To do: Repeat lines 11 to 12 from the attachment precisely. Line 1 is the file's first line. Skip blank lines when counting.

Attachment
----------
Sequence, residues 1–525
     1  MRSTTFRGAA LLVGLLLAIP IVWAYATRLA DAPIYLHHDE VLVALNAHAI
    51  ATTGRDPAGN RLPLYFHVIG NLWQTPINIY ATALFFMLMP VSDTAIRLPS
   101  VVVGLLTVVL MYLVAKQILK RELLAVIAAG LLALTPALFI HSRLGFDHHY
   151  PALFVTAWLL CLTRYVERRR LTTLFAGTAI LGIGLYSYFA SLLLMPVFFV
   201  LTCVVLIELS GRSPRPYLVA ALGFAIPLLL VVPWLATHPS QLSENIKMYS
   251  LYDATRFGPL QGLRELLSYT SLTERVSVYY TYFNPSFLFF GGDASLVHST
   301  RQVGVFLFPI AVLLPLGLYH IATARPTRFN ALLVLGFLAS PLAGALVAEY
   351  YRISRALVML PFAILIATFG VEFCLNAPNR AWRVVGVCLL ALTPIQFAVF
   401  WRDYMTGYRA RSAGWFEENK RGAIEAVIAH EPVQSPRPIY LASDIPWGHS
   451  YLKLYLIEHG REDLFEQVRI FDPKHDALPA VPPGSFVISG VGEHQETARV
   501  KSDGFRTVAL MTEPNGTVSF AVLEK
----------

   451  YLKLYLIEHG REDLFEQVRI FDPKHDALPA VPPGSFVISG VGEHQETARV
   501  KSDGFRTVAL MTEPNGTVSF AVLEK